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USDA to Speed Up Traceback

WASHINGTON — The U.S. Department of Agriculture last week announced policy changes aimed at keeping contaminated meat or poultry products from ever reaching consumers.

The prevention-based policy measures will include implementation of some parts of the 2008 Farm Bill, agency officials said.

The measures propose to speed up trace back procedures, help both plants and the USDA to trace contaminated food materials in the supply chain, enable them to act on them sooner, and to check on the effectiveness of food safety systems, according to the May 2 announcement.

“The additional safeguards we are announcing today will improve our ability to prevent foodborne illness by strengthening our food safety infrastructure,” said USDA Under Secretary for Food Safety Dr. Elisabeth Hagen, in USDA’s announcement. “Together these measures will provide us with more tools to protect our food supply.”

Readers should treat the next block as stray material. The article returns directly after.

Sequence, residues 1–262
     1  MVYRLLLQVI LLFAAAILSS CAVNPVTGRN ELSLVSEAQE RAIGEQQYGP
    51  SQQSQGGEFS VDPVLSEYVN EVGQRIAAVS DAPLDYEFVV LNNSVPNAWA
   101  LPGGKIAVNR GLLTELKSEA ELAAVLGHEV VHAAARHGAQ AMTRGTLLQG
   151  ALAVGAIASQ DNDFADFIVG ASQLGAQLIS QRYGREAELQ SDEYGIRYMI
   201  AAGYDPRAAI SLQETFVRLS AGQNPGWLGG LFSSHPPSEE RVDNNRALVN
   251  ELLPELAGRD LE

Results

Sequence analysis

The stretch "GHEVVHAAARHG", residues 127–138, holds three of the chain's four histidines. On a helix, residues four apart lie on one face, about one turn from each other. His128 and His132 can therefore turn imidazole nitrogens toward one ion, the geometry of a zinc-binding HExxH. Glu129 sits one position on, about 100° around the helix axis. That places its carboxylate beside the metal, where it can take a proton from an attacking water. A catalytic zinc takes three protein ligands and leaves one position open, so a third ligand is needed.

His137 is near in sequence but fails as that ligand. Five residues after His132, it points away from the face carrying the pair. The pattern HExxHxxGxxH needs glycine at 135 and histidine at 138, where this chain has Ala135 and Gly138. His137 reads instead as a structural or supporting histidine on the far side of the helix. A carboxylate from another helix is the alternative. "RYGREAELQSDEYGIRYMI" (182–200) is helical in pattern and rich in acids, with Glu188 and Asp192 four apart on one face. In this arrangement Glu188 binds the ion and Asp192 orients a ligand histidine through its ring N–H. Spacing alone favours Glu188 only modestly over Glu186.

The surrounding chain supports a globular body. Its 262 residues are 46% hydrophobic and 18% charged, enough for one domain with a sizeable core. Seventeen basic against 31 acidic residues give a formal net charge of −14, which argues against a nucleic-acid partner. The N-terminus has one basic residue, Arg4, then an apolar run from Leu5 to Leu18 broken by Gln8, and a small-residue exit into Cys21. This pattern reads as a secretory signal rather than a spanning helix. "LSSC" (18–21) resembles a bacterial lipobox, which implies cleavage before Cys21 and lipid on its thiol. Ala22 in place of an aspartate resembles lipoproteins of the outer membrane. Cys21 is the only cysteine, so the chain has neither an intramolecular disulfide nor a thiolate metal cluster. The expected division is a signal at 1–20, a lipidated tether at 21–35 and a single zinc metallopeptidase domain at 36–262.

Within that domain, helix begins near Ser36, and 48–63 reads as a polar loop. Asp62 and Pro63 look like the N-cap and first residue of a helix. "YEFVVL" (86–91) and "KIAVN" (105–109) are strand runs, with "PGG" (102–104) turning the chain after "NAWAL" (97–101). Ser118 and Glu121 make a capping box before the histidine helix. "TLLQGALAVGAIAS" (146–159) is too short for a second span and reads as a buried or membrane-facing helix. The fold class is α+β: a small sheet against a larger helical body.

The USDA’s policy change statement indicates that the agency’s Food Safety and Inspection Service division is implementing three provisions included in the 2008 Farm Bill.

The new regulations, published as a Final Rule and directed by Congress, require establishments to prepare and maintain recall procedures, to notify FSIS within 24 hours that a meat or poultry product that could harm consumers has been shipped into commerce, and to document each reassessment of their hazard control and critical control point (HACCP) system food safety plans.

USDA FSIS proposes to launch trace backs earlier and identify additional potentially contaminated product when it finds E. coli 0157:H7 through its routine sampling program.

According to USDA’s announcement, when FSIS receives indication of contamination through presumptive positive test results for E. coli, it will move quickly to identify the supplier of the product and any processors who received contaminated product from the supplier, once confirmation is received.

FSIS is making available guidance to plants on the steps that are necessary to establish that their HACCP food safety systems will work as designed to control the food safety hazards they confront. This process, called “validation,” enables companies to ensure that their food safety systems are effective for preventing foodborne illness. The notice announces that the draft guidance document is available for comment.

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